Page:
• Research park websites and reviews to know which parks are safe and appropriate for your children.
• Always keep your hands and feet inside the vehicle/rollercoaster cart/etc.
• Do not wear any loose clothing which can get caught or tangled.
• Place any items or bags in the designated areas before entering a ride.
If you have been injured in an amusement ride accident, consult with an amusement ride accident attorney today.
On Monday, August 31, a jury awarded 48-year-old Michael Livington of Boston, MA, $2.3 million for injuries he suffered at the Boomers! in Boca Raton, Florida.
According to the Palm Beach Post, the accident occurred on May 15, 2005, in which Livington fell from a 25-foot rock climbing-wall, due to a hydraulic cable falling from the top of the wall. Livington suffered a broken ankle, which had to be fused.
Boomers is a family entertainment center, home to many games and attractions such as go-karts, laser tag, and bumper boats. Boomers, with two South Florida locations – Boca Raton and Ft. Lauderdale – is owned by Palace Entertainment, which owns many other popular parks such as Wild Waters and Silver Springs, both located in Ocala, Florida.
Amusement parks have been a staple in America for many years, from the large world-renowned parks of Walt Disney World “need to link to Disney article” to smaller establishments such as Boomers. In 2007, a survey by the International Association of Amusement Parks and Attractions showed that 1,309 ride-related injuries occurred, with 35 considered “serious”.
Last week, 30-year-old Anislav Varbanov, a stunt performer at Disney Hollywood Studios in Orlando, Florida, died when he broke his neck while rehearsing for a stunt show. The Orlando Sentinel story reports that the performer was practicing a tumble roll for the popular Indiana Jones Epic Stunt Spectacular. The Orange-Osceola County Medical Examiner’s Office ruled the cause of death due to a cervical spine fracture in Varbanov’s neck.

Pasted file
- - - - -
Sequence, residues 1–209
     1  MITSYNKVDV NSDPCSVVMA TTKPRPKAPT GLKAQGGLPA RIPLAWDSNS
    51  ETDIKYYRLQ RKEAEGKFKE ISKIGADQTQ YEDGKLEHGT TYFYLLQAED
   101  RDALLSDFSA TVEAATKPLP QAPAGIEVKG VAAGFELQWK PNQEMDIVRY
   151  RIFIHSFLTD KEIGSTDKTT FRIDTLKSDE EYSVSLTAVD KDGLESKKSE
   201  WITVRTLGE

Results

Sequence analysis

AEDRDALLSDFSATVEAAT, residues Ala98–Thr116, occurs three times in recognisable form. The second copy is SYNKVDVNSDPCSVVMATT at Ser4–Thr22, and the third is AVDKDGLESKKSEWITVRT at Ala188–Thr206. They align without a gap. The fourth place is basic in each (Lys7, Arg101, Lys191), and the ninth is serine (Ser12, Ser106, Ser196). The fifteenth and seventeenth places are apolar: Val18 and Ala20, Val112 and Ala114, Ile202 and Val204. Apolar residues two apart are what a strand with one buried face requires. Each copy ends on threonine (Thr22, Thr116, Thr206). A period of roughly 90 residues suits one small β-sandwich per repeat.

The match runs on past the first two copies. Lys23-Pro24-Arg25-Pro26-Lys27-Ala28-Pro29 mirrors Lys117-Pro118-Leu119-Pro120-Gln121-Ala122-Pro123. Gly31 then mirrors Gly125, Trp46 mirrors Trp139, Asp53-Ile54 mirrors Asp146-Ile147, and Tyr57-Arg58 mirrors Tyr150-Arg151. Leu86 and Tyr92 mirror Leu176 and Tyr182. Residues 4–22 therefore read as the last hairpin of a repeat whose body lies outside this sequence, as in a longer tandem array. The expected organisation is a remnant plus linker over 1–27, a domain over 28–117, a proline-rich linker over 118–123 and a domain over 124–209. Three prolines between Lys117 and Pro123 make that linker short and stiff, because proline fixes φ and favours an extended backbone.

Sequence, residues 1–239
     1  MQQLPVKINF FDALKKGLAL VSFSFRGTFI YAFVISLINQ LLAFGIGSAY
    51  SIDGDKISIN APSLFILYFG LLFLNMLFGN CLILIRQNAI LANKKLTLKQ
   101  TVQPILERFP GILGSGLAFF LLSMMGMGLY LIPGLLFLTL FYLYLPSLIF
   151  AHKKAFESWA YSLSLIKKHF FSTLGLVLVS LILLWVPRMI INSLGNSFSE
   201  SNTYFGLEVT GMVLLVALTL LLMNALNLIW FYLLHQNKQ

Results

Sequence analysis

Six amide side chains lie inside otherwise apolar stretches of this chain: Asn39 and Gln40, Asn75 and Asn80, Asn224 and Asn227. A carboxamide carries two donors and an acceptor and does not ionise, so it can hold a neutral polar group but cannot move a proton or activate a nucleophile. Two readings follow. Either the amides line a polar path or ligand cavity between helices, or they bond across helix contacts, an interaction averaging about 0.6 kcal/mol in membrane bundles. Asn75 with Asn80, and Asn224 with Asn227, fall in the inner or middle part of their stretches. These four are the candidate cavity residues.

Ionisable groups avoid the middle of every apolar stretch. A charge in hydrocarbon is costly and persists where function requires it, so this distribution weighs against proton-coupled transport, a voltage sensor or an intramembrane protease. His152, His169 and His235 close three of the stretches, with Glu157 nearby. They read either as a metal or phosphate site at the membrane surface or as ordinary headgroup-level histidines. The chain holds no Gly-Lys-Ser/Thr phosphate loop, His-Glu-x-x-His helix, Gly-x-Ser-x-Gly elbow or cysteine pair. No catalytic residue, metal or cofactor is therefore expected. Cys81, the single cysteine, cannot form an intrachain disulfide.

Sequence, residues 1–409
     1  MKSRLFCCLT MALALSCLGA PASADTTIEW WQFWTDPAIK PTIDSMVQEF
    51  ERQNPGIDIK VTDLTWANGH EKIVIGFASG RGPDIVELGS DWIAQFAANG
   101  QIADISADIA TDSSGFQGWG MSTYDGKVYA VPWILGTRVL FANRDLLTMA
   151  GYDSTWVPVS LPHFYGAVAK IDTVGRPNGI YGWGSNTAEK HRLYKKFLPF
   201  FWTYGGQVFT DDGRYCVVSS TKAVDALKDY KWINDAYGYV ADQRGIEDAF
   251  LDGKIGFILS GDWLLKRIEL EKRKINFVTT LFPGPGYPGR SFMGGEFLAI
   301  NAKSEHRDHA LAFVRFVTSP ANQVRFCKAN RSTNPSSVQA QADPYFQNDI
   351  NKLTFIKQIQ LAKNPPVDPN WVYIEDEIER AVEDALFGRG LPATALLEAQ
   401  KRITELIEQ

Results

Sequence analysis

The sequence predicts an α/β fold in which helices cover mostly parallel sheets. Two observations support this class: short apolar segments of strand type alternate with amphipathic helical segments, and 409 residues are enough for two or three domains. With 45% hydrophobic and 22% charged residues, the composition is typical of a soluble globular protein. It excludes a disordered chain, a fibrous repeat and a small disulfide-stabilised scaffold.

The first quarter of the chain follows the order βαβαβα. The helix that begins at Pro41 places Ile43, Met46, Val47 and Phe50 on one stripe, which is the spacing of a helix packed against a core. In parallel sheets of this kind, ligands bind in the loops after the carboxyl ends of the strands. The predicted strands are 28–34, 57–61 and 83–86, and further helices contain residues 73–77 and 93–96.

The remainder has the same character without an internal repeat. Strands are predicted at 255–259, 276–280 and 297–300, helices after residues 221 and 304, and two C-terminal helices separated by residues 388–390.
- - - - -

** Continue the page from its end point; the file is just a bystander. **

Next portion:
A spokeswoman for Disney, Zoraya Suarez , stated that the tumble roll was a common maneuver which had been performed many times in the show without injury. One employee said he was told that Varbanov landed awkwardly on his neck during the rehearsal.
This is the third incident in two months at the popular Florida amusement park. A week prior to this incident, Mark Priest, a 47-year-old actor at Captain Jack’s Pirate Tutorial in the Magic Kingdom, was injured after stumbling into a wall.
During the 4th of July weekend, 21-year-old monorail operator Austin Wuennenberg was killed in a monorail collision. The Sheriff’s Office is also investigating these other accidents. While the U.S. Occupational Safety and Health Administration investigates each incident for patterns, Disney has said that each of these cases is unique and there is no link between them.
Since 2007, the OSHA has started 17 investigations, including the three mentioned this year, but only had three investigations in the previous five years. While no guests were injured in these three recent incidents, this wave of accidents in the past two months still presents a concern to the millions of guests and children who visit Disney’s theme parks in the summertime. Investigators must do their best to see that, whether these incidents were separate or related, the appropriate measures are taken so that both employees and guests are assured that Disney continues to operate its facilities with the utmost safety.